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Teaching ‘Objectionable’ Language

Our colleges and universities need a freer rein if students and teachers have to realize their academic potential to the fullest.

Teaching ‘Objectionable’ Language
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Although the precise definition of autonomy remains to be articulated in Indian education policy circles, there is emerging consensus that our colleges and universities need a freer rein if students and teachers have to realize their academic potential to the fullest. 

The prompt withdrawal of Rohinton Mistry's Such a Long Journey at the behest of the Bharatiya Vidyarthi Sena activists makes a complete mockery of academic freedom that is central to education reform. Our classrooms are increasingly run by multiple power centres, and most of these fiefdoms don’t understand the stakes in the disciplines they are lording over. Besides issues of pay and inadequate infrastructure, the best and brightest in our country don't enter teaching, or quit prematurely, because of this absurd micromanagement of intellectual labour and intellectual capital. The notice to colleges to withdraw Mistry's novel by the Vice-Chancellor of Mumbai University was a new low even by these sorry standards. Furthermore, in an interview to a leading news channel, the chief minister of Maharashtra virtually toed the line of the Bharatiya Vidyarthi Sena activists. According to Mr. Ashok Chavan, " the highly objectionable language" in sections of Mistry's novel made it an unwise choice in the SYBA syllabus of Mumbai University.

 

I am an alumnus of Mumbai University, and I am currently pursuing a PhD in English Literature at a major research university in Midwest America. As part of my teaching responsibilities, I have to conduct courses in academic writing for first-year and second-year students. I frequently use Gloria Naylor's essay, "Mommy, What Does ‘Nigger’ Mean?" in classes with students of ethnically diverse but predominantly Caucasian backgrounds. The essay is widely anthologised and easily available online, with the n-word consistently printed in its entirety. Naylor writes that her black family in Harlem used the n-word as a signifier of communal bonding and rejected its original intent to humiliate the African-American community. Naylor’s essay offers trenchant insight into how an act of communication can never be understood in isolation. It is determined by several variables that interact with each other including content, author, audience, context and purpose. This is a highly sophisticated argument, and very occasionally some of my Caucasian students refuse to look beyond the title of Naylor’s piece. They get the impression that Naylor is maligning ‘whites’, and possibly as an instructor of South-Asian origin I am taking them on a guilt trip. I give them the space to react viscerally, but I nudge them from their knee-jerk responses to a critical assessment of Naylor’s article. Naylor certainly doesn’t have the last word on this subject, and none of my students have to agree with her position. But before expressing their disagreement, particularly in written assignments, they are required to understand Naylor’s argument from the inside out. The larger pedagogical purpose here is to underscore that we cannot banish our ill-founded anxieties about ourselves or others; we need to confront them head-on.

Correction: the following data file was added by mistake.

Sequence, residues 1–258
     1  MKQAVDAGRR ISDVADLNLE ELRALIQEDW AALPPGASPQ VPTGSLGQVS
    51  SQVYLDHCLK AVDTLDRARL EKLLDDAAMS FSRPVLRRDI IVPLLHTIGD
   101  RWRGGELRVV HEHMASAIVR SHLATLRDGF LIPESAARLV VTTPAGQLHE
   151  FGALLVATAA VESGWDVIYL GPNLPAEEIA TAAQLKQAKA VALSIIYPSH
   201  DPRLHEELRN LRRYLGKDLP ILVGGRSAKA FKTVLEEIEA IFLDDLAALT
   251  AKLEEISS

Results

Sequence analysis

Academic freedom is not a luxury of the American ivory tower alone. I refuse to accept the offensive argument that we Indians are so emotional that we are incapable of critical analysis. Between my master's and doctoral studies, I taught communication and literature to a delightful group of first-year media students at my other alma mater, St. Xavier's College, Mumbai. The time I spent there convinced me that our youngsters are miles ahead of self-styled custodians of propriety in their creative quotient and inquisitive spirit. This enormous potential will remain untapped though, if we refuse to let our students think for themselves and allow our teachers to work in peace. I can think of few things more detrimental to an India aspiring to greatness than this multi-pronged assault on her intellectual and cultural freedoms. The paranoid state and non-state actors who initiate these attacks, rather than our apparent emotional immaturity, prevent us from confronting our shared fears in a reasonable manner. 

I understand that ideas like freedom, secular and sacred are inflected by local contexts. But surely we can all agree that it's an unequal contest if one side in the battle for the soul of India is armed with sticks and swords and the other has little more than pens and paintbrushes. Can’t we collectively—on the left, right and centre—evolve a more viable intellectual, legal and political framework that allows irreverent, but well-meaning Indians to be heard?


Suhaan Mehta is a PhD Student and Graduate Teaching Associate, English Department, The Ohio State University, USA

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